Close

You've been successfully unsubscribed.

The easiest way to find, save, and personalize your search for the perfect piece of land.

Thank You

Thank you for signing up for a www.NationalLand.com Account!

Please check your email for instructions on how to activate your account with one click.

If you do not receive an email from us, please check your spam folder.


Uncategorized

Farm Animal Health and Safety

September 23, 2021
photo of horses grazing in grass field
Photo by Helena Lopes on Pexels.com

Today for National Farm Health and Safety week, we are going to be talking about the safety and health of your farm animals! Animals’ lives are just as important as their owner’s lives, so let’s talk about how to ensure your animals are as healthy and as safe as you!

Animal health risks can be divided into two categories: injuries and diseases. Injuries can be self-inflicted, environmental, or other animal inflicted.

Self-Inflicted Harm

Self-inflicted harm is when an animal accidentally or purposely harms itself. This can be caused by stress and irritation. Stress can cause an animal to act out in many ways. One way is through self-inflicted pain. Examples can range from over itching and causing wounds or pacing and injuries resulting from the overuse or extension of muscles. These can both be equally bad because the wound could get infected if not treated quickly enough, and the muscle could get worse or more injured if also not noticed or treated quickly enough.

Environmental Injuries

Environmental injuries are any accidents that happen due to environmental factors. This could include thunderstorms harming livestock in uncovered areas or fencing injuring an animal. Environmental injuries can be avoided through precautions such as checking on your fencing every few months or watching for weather alerts and making sure your livestock is safe during those alerts.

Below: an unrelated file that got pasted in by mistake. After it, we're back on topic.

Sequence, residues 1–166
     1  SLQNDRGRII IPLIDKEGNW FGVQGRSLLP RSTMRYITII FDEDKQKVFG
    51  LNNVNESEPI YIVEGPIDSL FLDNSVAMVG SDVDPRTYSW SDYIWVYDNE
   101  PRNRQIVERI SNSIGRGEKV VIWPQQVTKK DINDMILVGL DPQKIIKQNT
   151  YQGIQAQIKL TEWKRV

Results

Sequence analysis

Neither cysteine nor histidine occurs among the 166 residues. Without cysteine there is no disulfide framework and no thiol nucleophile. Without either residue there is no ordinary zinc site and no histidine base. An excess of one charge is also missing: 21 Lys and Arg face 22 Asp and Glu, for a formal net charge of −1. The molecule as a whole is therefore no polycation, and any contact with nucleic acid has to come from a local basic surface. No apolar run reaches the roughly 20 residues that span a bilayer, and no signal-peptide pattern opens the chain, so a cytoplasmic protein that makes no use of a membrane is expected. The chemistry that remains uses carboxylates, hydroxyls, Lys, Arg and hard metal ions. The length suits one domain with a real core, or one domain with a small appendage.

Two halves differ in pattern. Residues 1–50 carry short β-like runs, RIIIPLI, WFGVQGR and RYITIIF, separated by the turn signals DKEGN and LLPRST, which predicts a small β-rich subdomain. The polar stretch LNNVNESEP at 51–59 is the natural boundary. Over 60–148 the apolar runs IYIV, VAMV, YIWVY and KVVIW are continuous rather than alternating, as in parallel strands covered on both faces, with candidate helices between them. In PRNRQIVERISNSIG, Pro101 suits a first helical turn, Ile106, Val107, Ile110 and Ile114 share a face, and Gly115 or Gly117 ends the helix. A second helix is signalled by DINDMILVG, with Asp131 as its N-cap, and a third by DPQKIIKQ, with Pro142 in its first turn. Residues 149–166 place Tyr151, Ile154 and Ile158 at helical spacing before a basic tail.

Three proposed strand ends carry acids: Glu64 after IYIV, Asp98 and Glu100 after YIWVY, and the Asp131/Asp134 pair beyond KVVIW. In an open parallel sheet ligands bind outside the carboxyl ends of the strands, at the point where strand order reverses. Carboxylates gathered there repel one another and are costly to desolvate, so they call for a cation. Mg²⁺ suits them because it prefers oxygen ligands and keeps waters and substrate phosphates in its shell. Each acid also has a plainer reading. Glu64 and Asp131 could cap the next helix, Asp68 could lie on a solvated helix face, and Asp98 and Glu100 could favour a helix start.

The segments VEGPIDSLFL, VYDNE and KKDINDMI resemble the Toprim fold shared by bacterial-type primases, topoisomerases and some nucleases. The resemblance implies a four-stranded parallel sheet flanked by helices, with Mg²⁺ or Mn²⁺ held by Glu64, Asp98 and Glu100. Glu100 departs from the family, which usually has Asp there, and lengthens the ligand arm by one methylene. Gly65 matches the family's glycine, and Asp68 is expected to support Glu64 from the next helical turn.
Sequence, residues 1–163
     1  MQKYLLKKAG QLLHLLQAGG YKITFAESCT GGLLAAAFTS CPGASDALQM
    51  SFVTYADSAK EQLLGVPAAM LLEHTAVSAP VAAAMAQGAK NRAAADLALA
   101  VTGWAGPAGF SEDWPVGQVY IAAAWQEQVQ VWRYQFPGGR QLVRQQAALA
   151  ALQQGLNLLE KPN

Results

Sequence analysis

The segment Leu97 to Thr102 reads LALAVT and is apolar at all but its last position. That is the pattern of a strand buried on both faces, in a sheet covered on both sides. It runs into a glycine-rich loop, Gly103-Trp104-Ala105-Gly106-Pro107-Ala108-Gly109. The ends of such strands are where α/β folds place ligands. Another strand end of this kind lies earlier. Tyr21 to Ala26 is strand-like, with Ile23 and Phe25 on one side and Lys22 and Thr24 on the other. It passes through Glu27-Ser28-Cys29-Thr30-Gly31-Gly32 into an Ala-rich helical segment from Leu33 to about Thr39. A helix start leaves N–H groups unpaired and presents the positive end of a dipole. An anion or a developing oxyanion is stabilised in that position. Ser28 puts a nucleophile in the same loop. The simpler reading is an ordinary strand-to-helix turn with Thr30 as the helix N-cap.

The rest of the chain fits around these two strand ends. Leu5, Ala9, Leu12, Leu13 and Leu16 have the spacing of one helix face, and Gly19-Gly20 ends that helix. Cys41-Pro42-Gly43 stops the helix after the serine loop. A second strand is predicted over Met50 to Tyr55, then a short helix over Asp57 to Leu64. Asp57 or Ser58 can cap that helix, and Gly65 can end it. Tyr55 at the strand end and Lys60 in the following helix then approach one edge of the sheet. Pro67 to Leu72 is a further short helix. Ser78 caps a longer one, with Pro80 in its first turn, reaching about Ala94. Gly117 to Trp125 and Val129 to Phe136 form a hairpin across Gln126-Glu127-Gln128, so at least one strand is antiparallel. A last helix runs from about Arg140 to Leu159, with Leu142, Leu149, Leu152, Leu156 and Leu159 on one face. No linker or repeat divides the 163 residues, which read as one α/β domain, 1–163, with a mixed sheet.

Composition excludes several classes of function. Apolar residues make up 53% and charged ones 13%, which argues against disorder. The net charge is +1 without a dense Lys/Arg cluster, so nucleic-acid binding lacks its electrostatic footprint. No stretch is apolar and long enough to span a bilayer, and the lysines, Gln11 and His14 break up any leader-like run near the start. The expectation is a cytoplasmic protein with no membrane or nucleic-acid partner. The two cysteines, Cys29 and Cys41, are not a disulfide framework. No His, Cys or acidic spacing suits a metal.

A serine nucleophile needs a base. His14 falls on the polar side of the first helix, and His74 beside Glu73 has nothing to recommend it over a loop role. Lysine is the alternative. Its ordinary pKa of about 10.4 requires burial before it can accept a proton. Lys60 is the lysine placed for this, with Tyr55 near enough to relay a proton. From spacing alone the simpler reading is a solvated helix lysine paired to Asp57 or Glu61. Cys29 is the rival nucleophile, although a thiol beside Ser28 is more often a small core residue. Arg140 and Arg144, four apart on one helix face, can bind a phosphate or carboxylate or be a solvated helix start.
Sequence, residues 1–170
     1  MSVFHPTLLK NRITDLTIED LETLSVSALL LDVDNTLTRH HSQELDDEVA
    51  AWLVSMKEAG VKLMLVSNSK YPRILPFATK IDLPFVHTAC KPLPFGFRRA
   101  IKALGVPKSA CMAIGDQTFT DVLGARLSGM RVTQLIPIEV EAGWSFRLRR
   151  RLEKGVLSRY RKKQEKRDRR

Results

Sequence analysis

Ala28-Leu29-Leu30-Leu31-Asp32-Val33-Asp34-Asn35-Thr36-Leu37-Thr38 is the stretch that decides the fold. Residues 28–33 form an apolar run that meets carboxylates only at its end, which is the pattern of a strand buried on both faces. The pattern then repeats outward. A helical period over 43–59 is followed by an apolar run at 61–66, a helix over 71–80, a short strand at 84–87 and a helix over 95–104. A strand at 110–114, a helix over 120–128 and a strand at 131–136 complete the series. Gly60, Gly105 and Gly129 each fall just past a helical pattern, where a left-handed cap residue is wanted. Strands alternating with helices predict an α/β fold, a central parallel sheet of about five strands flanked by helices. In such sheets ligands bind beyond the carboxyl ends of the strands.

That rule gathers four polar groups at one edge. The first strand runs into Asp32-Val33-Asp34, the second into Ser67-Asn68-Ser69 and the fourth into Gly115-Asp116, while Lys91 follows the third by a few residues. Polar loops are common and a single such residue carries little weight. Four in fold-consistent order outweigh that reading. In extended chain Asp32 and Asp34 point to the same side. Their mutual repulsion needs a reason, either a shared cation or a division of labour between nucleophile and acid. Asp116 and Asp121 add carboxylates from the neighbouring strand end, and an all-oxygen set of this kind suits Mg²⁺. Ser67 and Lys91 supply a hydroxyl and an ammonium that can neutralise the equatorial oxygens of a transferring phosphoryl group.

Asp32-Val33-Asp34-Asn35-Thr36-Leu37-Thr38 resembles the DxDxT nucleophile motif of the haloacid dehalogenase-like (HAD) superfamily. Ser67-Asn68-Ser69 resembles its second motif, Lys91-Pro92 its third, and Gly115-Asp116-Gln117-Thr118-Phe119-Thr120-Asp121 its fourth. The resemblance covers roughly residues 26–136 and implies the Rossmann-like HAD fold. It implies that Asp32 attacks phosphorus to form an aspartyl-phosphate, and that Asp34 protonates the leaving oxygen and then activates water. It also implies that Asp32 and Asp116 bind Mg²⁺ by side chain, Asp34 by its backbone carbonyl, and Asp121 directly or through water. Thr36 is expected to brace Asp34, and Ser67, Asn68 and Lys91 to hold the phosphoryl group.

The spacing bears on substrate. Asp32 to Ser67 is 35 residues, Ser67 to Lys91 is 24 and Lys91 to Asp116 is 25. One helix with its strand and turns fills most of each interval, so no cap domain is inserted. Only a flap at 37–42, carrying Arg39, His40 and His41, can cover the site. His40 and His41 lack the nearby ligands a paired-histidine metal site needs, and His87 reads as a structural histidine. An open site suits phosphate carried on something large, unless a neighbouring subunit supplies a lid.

Animal Inflicted Injuries 

Animal-inflicted injuries can be one of two things: other livestock biting your animal or insects/parasites harming your animal. This can be as little a spider bite or as big as a parasitic infection. Parasites can be transmitted in a couple of different ways: contaminated food, water, blood, soil, and waste. Some can also be passed through sexual contact, but with livestock, that is typically not the case. Some ways to prevent the spread or contraction of parasites, in general, are by ensuring your water is changed regularly, regularly checking for bites and wounds on your animals to make sure they are cleaned and uninfected, and periodical deworming and precautionary care.

Diseases

Stemming from parasitic infection, the next animal health risk is a disease. Since we’ve already covered parasites, I won’t speak on those again. One way to prevent the spread of disease includes keeping your animals safe and enclosed from other animals using gates to not only keep your animals in but keeping other animals out. Another way to keep animals out of your animals’ habitat is by using raised feeders and storage to keep pests away from food and therefore prevent the opportunity for diseases and keep it at a minimum. Lastly, you must properly dispose of ruined bedding and uneaten food and clean animal enclosures frequently. Also staying up to date on vaccines, having routine veterinary exams, and watching for signs of illness are three other ways to make sure your animals are safe and healthy. Doing these couple of steps every month or so will help to prevent your farm animal from getting unwanted parasites and diseases. 

 

About the Author
Liv grew up in Anderson, SC, and attended Coastal Carolina University where she majored in Communication with a concentration in Public Relations. She became the Marketing Communications Specialist for National Land Realty in July of 2021. In her free time, Liv can be found spending time with family and friends, hiking with her dog, Brisket, or caring for one of her many house plants.